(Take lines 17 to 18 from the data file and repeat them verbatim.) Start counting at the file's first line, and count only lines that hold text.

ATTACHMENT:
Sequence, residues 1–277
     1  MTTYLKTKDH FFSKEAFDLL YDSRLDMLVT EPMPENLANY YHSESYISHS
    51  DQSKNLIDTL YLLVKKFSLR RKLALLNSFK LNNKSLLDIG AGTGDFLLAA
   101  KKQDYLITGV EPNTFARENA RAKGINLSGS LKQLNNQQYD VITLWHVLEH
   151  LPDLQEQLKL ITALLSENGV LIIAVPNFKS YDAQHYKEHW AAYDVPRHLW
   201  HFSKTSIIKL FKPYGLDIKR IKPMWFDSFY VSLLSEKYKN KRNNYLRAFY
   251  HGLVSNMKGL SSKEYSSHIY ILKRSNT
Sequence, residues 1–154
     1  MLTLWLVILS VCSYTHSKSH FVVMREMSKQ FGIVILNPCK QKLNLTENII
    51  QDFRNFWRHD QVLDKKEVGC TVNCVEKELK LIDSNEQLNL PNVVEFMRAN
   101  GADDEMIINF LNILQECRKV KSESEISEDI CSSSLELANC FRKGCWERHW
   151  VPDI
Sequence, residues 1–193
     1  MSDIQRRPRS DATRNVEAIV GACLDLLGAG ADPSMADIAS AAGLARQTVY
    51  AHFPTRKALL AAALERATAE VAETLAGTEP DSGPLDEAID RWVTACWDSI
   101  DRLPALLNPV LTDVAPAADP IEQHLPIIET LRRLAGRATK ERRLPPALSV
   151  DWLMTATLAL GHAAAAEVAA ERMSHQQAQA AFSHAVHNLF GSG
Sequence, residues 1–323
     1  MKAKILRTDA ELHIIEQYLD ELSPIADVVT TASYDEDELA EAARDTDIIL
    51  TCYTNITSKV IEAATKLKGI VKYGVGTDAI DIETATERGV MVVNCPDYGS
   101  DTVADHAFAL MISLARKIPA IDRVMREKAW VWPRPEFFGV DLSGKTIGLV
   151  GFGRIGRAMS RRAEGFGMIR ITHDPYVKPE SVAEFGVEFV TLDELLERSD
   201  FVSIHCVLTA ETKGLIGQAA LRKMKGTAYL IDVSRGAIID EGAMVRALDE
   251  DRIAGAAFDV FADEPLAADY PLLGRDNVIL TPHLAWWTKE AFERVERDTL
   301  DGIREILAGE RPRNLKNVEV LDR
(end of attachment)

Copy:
   151  DWLMTATLAL GHAAAAEVAA ERMSHQQAQA AFSHAVHNLF GSG
Sequence, residues 1–323